It’s been almost 96 hours to the minute since I last walked out of Chipotle’s doors. Coming up on 72 hours since I had a dream about Chipotle. I am slowly making progress in this 40-day trek of fasting from something that has brought me so much happiness. I know that many of you will never understand the love between a man and his burrito, let alone my particular culinary obsession. However, my own understanding and thought-process within the past few days has granted me access to some viewpoints I rarely consider…and that I usually stray from whenever they ARE considered.
My perspective on obtaining joy in life has been centered around how much success I have in using my God-given talents and abilities for the benefit of those around me. This inevitably leaves a sour taste in my mouth when I am unsuccessful in one specific circumstance or another, with the sourness typically distilled only by the next success I achieve. I realize this is a trapped, dreary way to live my life; however, I cannot help wondering how many of you felt like you were looking in the mirror as you read that. Even for those who find hope in the resurrection, it is hard to escape the performance-based guidelines the culture commonly uses to evaluate our “usefulness.” Within our circles of influence, there are always people who just seem to have things more together than we do. Want some free advice? They will always exist in every group you join, every team you lead, and likely in most buildings you step foot in…and I personally don’t like the odds. Since going toe-to-toe with everyone more successful than you is a wasted venture, how about switching your perspective?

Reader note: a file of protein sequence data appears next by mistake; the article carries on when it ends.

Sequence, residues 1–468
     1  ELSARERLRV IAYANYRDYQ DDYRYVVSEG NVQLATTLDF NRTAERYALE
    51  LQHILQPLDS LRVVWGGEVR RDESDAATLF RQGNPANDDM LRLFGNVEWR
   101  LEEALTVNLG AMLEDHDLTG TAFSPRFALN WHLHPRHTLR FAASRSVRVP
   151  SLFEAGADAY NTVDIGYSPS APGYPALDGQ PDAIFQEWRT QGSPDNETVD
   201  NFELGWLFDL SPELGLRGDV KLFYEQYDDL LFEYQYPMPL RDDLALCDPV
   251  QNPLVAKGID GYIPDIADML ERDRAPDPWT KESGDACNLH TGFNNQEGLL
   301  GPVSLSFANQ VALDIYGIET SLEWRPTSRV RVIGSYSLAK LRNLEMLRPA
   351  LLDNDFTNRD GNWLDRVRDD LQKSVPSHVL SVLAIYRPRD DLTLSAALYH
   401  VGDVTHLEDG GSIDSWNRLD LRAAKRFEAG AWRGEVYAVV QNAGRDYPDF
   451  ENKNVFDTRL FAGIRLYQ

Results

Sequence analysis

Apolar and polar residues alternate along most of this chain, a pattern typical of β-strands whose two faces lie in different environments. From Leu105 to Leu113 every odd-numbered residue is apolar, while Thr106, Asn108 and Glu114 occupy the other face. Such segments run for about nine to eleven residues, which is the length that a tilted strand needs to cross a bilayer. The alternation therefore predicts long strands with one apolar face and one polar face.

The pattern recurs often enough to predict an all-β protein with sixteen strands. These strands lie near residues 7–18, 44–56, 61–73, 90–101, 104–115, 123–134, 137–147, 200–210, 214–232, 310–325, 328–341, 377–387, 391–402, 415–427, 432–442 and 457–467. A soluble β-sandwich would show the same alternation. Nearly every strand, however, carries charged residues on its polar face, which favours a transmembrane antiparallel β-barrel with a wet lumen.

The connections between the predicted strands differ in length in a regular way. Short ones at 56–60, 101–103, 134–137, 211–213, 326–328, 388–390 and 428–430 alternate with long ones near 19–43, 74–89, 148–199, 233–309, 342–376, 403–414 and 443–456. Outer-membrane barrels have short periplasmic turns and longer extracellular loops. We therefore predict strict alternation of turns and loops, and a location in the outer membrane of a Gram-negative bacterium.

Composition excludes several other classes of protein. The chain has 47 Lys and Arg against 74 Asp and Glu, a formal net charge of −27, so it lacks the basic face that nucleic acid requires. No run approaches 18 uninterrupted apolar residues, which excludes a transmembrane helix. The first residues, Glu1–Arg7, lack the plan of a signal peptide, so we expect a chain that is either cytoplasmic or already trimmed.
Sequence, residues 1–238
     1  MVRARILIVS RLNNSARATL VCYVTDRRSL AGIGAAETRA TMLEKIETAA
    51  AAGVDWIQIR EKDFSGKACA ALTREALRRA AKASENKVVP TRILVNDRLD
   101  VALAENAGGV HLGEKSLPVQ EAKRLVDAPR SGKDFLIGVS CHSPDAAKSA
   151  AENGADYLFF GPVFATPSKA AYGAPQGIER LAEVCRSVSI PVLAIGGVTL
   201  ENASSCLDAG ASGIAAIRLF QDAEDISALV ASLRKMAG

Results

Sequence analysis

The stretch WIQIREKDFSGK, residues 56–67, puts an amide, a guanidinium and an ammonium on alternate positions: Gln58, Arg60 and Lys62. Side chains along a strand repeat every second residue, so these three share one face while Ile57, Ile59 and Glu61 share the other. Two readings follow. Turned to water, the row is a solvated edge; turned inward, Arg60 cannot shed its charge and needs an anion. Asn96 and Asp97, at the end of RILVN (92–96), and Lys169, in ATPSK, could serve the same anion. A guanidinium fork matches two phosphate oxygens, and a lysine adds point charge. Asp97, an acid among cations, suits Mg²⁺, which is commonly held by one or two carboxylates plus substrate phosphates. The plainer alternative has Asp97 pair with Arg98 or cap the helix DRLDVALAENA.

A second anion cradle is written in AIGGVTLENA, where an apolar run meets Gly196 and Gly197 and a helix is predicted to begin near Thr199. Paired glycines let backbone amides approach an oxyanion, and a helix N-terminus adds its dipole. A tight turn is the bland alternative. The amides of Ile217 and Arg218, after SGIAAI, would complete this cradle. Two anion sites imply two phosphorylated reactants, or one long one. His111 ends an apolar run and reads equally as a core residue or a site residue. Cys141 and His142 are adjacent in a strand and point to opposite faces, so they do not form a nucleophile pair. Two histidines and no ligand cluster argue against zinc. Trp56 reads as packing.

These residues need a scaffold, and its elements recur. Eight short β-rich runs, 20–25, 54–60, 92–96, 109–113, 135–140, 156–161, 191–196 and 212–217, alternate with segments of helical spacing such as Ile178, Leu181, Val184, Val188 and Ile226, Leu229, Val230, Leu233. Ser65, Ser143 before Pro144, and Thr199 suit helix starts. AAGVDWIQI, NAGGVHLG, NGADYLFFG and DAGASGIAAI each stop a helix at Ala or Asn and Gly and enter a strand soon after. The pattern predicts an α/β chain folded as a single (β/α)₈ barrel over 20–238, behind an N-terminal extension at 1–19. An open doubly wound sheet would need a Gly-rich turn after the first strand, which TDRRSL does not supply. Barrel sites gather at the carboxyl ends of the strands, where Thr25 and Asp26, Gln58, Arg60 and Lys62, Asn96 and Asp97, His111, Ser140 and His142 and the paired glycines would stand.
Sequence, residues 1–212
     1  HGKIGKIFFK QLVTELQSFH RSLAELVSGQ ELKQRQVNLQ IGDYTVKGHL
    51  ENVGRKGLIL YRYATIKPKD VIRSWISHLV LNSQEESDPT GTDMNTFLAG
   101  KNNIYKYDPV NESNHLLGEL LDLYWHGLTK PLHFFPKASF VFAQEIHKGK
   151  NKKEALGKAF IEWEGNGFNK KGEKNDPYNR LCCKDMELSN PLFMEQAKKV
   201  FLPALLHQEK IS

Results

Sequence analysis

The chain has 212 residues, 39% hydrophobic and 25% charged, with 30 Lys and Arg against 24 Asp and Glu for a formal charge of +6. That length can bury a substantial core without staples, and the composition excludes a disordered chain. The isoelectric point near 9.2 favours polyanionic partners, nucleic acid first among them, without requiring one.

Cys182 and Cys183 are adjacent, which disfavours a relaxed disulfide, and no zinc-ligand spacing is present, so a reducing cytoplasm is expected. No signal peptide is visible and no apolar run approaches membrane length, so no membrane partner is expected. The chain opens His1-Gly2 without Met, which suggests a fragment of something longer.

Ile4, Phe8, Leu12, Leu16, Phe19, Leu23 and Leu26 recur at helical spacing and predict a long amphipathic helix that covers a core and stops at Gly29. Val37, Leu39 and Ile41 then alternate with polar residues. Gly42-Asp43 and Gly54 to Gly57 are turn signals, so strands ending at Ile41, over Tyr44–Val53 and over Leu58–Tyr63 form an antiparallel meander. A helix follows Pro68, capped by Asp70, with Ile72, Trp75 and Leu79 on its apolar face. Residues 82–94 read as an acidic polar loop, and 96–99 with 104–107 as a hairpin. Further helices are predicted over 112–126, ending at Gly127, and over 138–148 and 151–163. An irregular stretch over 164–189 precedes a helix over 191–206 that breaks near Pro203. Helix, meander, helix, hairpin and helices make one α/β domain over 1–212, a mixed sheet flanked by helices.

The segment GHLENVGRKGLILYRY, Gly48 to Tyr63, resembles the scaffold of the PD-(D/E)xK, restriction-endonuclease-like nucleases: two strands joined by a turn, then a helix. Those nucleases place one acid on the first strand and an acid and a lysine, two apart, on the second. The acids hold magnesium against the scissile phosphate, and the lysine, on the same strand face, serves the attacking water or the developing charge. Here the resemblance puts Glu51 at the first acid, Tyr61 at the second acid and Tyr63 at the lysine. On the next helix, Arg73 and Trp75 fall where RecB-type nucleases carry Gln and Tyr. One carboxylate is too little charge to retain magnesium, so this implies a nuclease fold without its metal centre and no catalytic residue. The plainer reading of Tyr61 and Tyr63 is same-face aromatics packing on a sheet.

This is what I’ve had to do lately, as I refuse to be subjugated any longer by unrealistic expectations which will continue to exist for generations to come. I am now aiming my perspective toward being grateful for every opportunity I receive to utilize my gifts and talents, while trying to realize that failure hopefully brings constructive feedback from those who ARE more successful than me, and gives me a better shot for success as I journey through life. My grateful feelings grow exponentially when I realize how much I’ve been blessed with in terms of possession, relationship, and general functionality.
“Jeff, you got all that from not eating Chipotle for 4 days?” Not directly, but I figure that temporary changes can bring about a decent catalyst for setting permanent ones.